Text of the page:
Near the end of many therapies, when the trauma has been cleared, the distressed ego states have been integrated, and the clients are making concrete changes in their lives, many single clients think about finding a mate. They turn to online dating, which brings up piles of therapeutic issues: "Am I lovable, attaractive enough, capable of finding someone who will be good for me, etc." Here is my best dating advice to them:

  • Come as yourself. You are looking for someone who wants to live with you, not some made-up projection of who you think you ought to be.
  • Think of yourself as an employer, looking for the right employee, for the job of being your mate.
  • Your prospective date is an employer, too, looking for the right employee.

  • Go ahead and "clean up" before the date, but come as you are. That's who you're selling, not a Barbie doll or G.I. Joe action figure.

  • You are not the employee that everyone is looking for. Some people have a specific employee with a specific profile in mind. If you don't fit that profile, you're out. It's not personal.

  • Meet as many people, that seem to fit what you're looking for, as you can. (I tell them that I went out with 120 people over 3 years before I met my husband through a magazine ad, 17 years ago. 4 or 5  of them fit my employee criteria: intelligent, progressive, attractive to me, moral, communicative, funny, financially o.k., not addicted, local, etc. But I didn't fit their criteria. It only took one for mutual employment to occur.

  • Know your criteria. If you keep dating "the same disasterous person", figure out that profile (and, often, which parent that is) and avoid that person. For me it was anorexic guys with personality disorders. They're still cute to me. And I'm so glad that I've got a sane guy, who eats well, now. Be clear on the most important issues (Including that they have to really be into you) and know in advance what's negotiable. (I've got a bald guy now.)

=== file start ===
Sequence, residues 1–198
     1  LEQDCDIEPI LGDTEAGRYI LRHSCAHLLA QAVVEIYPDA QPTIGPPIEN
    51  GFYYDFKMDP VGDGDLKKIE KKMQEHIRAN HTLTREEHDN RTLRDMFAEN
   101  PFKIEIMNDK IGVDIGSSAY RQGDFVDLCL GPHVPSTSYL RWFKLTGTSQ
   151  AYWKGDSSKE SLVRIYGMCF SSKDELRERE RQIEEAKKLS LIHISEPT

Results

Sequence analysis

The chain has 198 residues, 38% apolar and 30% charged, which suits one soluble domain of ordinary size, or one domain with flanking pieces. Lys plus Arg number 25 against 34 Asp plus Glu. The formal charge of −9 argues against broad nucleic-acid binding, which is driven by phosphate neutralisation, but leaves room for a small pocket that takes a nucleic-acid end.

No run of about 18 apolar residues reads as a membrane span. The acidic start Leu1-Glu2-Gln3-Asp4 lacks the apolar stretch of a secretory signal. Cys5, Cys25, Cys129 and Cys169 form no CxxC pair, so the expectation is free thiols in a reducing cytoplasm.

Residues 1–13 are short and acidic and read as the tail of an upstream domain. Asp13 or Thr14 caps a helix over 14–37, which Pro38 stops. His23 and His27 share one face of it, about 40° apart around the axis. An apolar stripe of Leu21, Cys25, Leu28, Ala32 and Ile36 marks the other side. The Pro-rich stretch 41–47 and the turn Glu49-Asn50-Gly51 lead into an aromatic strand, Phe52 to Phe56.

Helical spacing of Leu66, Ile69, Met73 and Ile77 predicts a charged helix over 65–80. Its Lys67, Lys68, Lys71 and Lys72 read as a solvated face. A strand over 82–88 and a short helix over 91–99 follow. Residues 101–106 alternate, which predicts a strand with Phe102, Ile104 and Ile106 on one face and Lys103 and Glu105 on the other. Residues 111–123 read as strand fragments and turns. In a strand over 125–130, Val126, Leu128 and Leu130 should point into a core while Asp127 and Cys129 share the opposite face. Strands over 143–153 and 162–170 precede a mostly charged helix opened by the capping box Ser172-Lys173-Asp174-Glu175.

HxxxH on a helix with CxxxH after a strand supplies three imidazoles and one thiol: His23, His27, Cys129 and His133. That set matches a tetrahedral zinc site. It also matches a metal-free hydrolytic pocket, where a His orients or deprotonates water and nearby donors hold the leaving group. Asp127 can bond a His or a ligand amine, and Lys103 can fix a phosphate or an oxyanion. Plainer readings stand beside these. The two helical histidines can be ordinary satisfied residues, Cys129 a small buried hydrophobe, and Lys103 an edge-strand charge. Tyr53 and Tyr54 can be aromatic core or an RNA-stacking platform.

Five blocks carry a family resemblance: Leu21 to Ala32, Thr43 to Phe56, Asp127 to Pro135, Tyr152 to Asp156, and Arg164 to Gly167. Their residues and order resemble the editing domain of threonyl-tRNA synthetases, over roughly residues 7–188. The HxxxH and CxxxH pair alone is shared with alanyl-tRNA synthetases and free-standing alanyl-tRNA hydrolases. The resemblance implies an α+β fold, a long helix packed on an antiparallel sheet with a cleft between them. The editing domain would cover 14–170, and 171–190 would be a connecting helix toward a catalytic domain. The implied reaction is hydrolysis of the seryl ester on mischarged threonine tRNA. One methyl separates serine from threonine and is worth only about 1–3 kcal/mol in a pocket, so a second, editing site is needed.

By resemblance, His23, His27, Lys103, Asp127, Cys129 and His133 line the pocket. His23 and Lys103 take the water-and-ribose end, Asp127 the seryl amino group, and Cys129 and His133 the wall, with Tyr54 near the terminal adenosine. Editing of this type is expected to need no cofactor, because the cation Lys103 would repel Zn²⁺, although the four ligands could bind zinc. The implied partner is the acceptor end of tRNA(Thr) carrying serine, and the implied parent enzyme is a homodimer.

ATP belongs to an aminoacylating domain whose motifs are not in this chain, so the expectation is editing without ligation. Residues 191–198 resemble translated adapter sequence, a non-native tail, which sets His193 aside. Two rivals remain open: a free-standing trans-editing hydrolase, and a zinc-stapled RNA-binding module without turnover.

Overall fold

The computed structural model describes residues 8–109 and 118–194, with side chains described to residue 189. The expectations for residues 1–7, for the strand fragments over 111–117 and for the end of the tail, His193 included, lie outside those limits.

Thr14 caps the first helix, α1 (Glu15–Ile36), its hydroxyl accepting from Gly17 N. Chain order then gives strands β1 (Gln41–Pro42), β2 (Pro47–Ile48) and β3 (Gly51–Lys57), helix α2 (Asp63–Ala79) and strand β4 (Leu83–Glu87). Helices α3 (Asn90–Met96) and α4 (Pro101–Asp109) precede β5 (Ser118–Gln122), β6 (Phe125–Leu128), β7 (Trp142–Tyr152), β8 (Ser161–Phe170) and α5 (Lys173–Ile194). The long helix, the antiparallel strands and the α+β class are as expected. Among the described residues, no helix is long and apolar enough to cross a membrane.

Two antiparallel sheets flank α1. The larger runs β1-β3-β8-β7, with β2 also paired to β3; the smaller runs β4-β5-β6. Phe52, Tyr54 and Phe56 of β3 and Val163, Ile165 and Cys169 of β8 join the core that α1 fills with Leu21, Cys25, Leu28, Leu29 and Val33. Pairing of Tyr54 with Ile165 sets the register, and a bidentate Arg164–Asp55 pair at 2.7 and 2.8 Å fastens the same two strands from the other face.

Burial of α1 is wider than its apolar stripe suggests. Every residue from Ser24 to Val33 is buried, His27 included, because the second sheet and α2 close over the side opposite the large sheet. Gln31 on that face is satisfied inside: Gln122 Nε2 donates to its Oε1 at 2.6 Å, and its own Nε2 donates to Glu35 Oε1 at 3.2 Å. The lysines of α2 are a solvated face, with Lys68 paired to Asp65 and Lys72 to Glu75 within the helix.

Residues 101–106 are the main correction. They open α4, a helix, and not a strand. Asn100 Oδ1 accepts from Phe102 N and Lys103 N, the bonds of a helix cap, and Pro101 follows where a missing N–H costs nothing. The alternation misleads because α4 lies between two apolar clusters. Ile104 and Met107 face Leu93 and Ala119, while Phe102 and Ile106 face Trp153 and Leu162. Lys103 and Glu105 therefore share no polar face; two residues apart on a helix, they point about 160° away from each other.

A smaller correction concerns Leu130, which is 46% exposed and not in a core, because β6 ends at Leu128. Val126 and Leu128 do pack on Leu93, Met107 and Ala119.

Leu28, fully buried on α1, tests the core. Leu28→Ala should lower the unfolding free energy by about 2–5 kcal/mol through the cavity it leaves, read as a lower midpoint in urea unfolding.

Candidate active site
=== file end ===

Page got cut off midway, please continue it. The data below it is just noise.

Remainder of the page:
• Know that you don't have to date the wrong person in order to spare their feelings.

  • And know that they don't have to date you.

  • You may grieve "the ones that got away", but do your utmost not to take it personally.

  • Be methodical in your approach. You're looking for a job. In a job search, you don't stop because you've been turned down. When I was hunting, I answered a minimum of two ads each week. I had a template letter that I modified to fit each ad that I answered, in order to respond. I placed an ad every three months. In internet dating, keep your profile on line. If you're not getting the responses you want, ask your friends to help you update your profile and consider other internet services.

As a therapist, I get to make therapeutic hay out of many dating issues. While clients are dating we may work on self-esteem, self-awareness, assertiveness (just say no!), worthiness, attractiveness, and differentiation. Often, I find that a client's baby ego state is going on the dates, looking for a mommy in the other person. In that case, we turn the baby around until it faces the adult self, and I say, "Look into the eyes of that child. Are you (the adult) willing to be the one that takes care of her, holds her, comforts her, and makes sure she's never alone? Are you going to be her grown-up, 24/7? Does she feel your grown-up presence? Take her on a tour of your adult life: your job, car, apartment, good friends, dog. Let her know that you're the one she needs to turn to. And let her know that you're picking the guys from now on, because she keeps picking the old inadequate mommy/daddy/same boyfriend. . . Are you ready to hug her into you, where she can feel your adult presence holding her all the time? Great. Now when you think about dating, what feels different? Remember, if she pops up and adores someone, that might be your signal to run away as fast as you can."

As you accompany clients through the dating process, keep doing therapy. Look for issues to clear. And sometimes, lending your common sense is adequate. "So which of your criteria does this guy fit?"   "How many of your 'absolute nos' does he fit?" "Is cute enough?" I've seen clients become more assertive, more differentiated, and more sure of themselves in the process of dating. And I've seen many settle down with a "good enough" partner, which brings a whole new set of issues.